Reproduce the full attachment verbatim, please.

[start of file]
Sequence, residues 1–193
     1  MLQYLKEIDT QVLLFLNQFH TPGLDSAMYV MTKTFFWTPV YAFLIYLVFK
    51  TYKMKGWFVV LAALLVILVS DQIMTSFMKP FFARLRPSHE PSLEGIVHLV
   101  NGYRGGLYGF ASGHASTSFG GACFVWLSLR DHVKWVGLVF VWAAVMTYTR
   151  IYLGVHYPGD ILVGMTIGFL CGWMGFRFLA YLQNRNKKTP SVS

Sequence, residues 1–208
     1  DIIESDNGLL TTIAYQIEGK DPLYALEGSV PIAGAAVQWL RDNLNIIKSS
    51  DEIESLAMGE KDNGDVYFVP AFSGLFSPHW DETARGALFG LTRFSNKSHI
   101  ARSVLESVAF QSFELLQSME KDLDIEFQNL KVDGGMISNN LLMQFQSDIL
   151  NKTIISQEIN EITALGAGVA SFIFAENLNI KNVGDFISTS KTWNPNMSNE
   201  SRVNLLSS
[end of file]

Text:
Sequence, residues 1–193
     1  MLQYLKEIDT QVLLFLNQFH TPGLDSAMYV MTKTFFWTPV YAFLIYLVFK
    51  TYKMKGWFVV LAALLVILVS DQIMTSFMKP FFARLRPSHE PSLEGIVHLV
   101  NGYRGGLYGF ASGHASTSFG GACFVWLSLR DHVKWVGLVF VWAAVMTYTR
   151  IYLGVHYPGD ILVGMTIGFL CGWMGFRFLA YLQNRNKKTP SVS

Sequence, residues 1–208
     1  DIIESDNGLL TTIAYQIEGK DPLYALEGSV PIAGAAVQWL RDNLNIIKSS
    51  DEIESLAMGE KDNGDVYFVP AFSGLFSPHW DETARGALFG LTRFSNKSHI
   101  ARSVLESVAF QSFELLQSME KDLDIEFQNL KVDGGMISNN LLMQFQSDIL
   151  NKTIISQEIN EITALGAGVA SFIFAENLNI KNVGDFISTS KTWNPNMSNE
   201  SRVNLLSS